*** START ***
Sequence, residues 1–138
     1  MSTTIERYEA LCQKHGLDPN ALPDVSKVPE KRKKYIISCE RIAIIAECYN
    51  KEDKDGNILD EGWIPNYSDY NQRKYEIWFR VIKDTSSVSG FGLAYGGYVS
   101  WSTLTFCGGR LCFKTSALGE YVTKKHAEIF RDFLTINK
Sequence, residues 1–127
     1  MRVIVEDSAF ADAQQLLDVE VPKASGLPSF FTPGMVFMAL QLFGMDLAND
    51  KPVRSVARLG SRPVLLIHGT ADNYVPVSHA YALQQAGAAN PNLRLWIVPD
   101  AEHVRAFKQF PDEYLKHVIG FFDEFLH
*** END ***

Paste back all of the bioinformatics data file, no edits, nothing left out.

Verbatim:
Sequence, residues 1–138
     1  MSTTIERYEA LCQKHGLDPN ALPDVSKVPE KRKKYIISCE RIAIIAECYN
    51  KEDKDGNILD EGWIPNYSDY NQRKYEIWFR VIKDTSSVSG FGLAYGGYVS
   101  WSTLTFCGGR LCFKTSALGE YVTKKHAEIF RDFLTINK
Sequence, residues 1–127
     1  MRVIVEDSAF ADAQQLLDVE VPKASGLPSF FTPGMVFMAL QLFGMDLAND
    51  KPVRSVARLG SRPVLLIHGT ADNYVPVSHA YALQQAGAAN PNLRLWIVPD
   101  AEHVRAFKQF PDEYLKHVIG FFDEFLH